As a parent in today’s hurry-up society, I recognize how easy it can be to succumb to unhealthy habits that are responsible for creating an overweight child.  For the sake of convenience and budget, we all have all been guilty of these habits. My vice? Swinging by the closest fast food joint when the evening hours fade away after extracurricular events or running errands. At some point in time, most of us have relied on a computer screen to keep a child occupied. It sure makes things easier to handle issues, cook dinner, or just sit down and take a deep breath.

If we take time to look at the potential long term effects, it can help families become empowered to make small changes that will make big impacts.

OBESITY IS TRENDING UPWARD

Statistics says that nearly 1 in 3, or over 30% of Hoosiers are overweight or obese*. Unfortunately, this trend is getting worse, and the numbers are increasing each year.  What can you do to make sure that your family is not among these statistics?

IDEAS TO KEEP YOUR KIDS ON TRACK

Childhood presents an opportunity to instill life- long healthy habits with regards to physical activity and healthy eating. I find these some ideas helpful:

  • Plan meals for the week.
  • Pack healthy snacks for kids in between meals on busy days.
  • Limit screen time.
  • Set aside time for physical activity.

Staying active and eating healthy is the key to helping combat this ever growing problem.

WALK THE WALK AND TALK THE TALK

Do your child and yourself a favor. Role model behaviors. Incorporate healthy behaviors as often as you can. Eat right. Keep moving. Little changes will render big gains.

OTHER RESOURCES

For more tips, check out these resources:

Cover image by Flickr user University of Delaware Alumni Relations, Creative Commons license.

*Harper, Jake. “Report: Nearly 1 In 3 Hoosiers Obese.” WFYI Public Media, 21 Sept. 2015, www.wfyi.org/news/articles/report-nearly-1-in-3-hoosiers-obese. Accessed 15 Sept. 2017.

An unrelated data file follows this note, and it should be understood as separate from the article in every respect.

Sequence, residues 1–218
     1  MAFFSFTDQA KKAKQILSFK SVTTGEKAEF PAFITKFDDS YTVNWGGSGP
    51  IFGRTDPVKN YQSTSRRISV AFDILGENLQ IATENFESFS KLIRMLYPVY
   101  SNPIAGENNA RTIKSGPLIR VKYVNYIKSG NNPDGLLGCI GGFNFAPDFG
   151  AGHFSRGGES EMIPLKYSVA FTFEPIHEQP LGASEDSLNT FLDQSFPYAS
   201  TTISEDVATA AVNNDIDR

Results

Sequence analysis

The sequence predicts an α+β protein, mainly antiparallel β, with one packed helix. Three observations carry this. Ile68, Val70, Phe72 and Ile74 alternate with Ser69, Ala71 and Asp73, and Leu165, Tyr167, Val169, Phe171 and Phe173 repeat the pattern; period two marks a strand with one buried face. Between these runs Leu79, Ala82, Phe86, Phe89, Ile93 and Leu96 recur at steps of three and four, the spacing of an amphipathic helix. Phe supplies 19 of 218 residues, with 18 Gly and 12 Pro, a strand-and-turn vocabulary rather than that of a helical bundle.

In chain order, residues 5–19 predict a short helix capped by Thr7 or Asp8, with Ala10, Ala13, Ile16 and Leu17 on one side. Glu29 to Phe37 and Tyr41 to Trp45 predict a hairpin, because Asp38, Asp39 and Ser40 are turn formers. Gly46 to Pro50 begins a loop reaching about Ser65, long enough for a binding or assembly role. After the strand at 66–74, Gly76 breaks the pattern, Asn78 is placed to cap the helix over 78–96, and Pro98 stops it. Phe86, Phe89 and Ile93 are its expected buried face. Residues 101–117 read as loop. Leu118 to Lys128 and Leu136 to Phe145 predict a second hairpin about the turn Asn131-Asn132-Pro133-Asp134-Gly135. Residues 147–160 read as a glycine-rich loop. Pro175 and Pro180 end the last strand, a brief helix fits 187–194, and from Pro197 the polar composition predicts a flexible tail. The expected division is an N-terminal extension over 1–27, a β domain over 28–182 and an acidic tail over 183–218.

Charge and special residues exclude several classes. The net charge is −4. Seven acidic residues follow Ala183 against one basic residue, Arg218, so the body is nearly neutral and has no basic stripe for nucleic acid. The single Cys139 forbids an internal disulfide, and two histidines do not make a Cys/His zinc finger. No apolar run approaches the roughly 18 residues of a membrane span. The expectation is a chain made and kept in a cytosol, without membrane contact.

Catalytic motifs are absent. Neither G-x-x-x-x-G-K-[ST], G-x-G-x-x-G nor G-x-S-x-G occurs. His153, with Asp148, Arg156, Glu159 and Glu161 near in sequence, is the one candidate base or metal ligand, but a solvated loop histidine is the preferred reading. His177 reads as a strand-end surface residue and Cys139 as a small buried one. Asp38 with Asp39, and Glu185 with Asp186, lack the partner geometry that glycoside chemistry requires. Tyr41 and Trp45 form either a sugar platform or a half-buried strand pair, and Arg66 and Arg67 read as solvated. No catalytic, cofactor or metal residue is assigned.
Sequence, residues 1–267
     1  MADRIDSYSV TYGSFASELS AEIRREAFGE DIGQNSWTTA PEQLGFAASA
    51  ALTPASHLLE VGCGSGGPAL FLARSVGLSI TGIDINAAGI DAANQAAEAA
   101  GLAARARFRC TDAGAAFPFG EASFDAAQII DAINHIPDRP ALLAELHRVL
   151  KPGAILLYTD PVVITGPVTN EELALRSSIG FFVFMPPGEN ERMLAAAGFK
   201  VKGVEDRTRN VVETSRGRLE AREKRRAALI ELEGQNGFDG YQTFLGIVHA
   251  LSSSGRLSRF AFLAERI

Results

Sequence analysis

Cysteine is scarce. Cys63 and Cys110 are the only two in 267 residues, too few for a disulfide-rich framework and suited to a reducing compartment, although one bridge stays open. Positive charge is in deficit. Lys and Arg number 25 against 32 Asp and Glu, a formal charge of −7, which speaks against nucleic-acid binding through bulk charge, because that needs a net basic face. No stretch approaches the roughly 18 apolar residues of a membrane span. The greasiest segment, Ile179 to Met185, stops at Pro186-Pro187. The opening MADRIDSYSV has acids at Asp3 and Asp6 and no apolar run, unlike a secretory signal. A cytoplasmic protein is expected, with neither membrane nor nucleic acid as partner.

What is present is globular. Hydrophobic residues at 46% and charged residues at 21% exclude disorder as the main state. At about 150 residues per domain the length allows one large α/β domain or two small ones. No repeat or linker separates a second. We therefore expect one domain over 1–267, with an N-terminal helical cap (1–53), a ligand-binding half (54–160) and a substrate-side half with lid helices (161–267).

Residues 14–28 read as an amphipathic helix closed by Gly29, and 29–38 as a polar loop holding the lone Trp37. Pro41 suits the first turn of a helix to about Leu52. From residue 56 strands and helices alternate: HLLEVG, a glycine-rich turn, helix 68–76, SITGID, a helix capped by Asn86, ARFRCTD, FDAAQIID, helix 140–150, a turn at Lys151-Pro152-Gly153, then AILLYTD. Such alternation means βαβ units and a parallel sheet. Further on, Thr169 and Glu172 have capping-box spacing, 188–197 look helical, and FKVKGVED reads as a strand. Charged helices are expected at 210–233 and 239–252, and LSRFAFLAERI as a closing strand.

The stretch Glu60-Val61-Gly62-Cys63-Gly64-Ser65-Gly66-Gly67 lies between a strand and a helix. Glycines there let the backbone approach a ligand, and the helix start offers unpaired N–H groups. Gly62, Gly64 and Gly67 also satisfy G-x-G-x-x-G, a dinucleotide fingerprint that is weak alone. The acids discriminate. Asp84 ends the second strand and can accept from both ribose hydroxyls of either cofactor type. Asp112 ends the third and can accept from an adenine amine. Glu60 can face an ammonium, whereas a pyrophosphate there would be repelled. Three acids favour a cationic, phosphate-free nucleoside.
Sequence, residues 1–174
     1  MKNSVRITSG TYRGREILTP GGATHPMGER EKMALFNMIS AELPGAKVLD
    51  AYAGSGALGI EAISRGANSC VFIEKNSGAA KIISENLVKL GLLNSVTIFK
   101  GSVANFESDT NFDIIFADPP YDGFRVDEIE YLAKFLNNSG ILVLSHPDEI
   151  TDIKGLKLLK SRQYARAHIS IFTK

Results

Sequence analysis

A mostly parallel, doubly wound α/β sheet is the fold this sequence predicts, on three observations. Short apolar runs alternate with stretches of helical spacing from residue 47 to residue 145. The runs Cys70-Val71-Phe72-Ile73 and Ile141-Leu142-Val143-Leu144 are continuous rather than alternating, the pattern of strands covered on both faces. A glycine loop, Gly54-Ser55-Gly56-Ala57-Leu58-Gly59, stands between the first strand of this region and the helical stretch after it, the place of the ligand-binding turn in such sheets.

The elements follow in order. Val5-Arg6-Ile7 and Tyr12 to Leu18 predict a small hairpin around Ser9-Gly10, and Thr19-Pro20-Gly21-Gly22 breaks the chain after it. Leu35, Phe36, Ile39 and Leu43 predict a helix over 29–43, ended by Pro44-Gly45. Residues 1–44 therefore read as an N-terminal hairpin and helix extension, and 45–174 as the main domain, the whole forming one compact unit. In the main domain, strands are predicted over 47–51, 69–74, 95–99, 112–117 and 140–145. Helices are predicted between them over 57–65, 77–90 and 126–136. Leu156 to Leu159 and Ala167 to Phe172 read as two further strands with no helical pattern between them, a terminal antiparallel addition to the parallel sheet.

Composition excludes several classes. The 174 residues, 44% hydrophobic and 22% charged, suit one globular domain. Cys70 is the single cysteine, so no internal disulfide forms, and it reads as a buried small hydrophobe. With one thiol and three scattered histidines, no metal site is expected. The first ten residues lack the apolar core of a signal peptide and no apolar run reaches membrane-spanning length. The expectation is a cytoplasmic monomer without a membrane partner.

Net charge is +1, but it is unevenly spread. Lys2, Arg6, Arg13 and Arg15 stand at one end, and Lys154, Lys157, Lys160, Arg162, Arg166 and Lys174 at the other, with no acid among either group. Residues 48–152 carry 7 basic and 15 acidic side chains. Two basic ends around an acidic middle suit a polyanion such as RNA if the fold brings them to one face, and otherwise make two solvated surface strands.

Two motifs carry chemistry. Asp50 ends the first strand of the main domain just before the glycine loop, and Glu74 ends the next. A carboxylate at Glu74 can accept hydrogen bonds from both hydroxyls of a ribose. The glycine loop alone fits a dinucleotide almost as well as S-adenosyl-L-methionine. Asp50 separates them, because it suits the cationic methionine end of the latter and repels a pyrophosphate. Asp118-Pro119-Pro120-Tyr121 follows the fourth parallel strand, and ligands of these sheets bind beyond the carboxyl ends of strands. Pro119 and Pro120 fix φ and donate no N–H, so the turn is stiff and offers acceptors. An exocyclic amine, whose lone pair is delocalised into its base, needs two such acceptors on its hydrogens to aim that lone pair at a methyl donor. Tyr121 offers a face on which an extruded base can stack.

Child Safety in the Home

Make your home safer for little ones

by Vanessa Vance, Early Learning Adult Instructor

BABY’S SIDE OF THE STORY

“Ooh! Look at that pretty stuff over there! I should check it out!” thinks Baby, making his way across the living room floor.

Mom is busy making dinner in the next room. ‘Silence is golden’ some say. In this case, silence can be dangerous! Little eyes spot things adults wouldn’t even give a second glance to.

Baby makes his way across the floor and glances up at the colorful glass vase full of flowers. “I just need to get higher,” he thinks. As Baby pulls himself up to the low table, he is startled by someone saying his name very loudly. He starts to whimper. “You scared me!” he says in his mind.

Mom walks over, picks him up, and comforts him. She didn’t mean to scare him, but she needed to alert him of the possible danger.

SAFETY TIPS FOR YOUR HOME

As parents, we want to keep our children from harm. Oftentimes, we don’t see or think about things that need to be “baby-proofed” in our homes. One way to see things the way a child would is to get on her level.  It may seem silly, but crawl on the floor around the house, looking high and low for things that could be a hazard. Pay attention to:

  • Electrical outlets – do they have safety covers?
  • Glass and other breakable items – can they be placed somewhere out of reach or packed away?
  • Cleaning supplies – are there any under the bathroom sink? In the bathroom closet? On the floor behind the toilet? In the hall closet? Under the kitchen sink? In the pantry?
  • Tip hazards – are all cabinets, bookcases, stands or tables, secure and unable for baby to pull over on himself?
  • Small stuff – anything we may drop – from cookie crumbs to earrings – Baby will find them! Keep the small stuff picked up or swept up.
  • Sharp stuff – big sister doing a school project? Make sure scissors are put away as well as sharp pencils, pens, and even paper.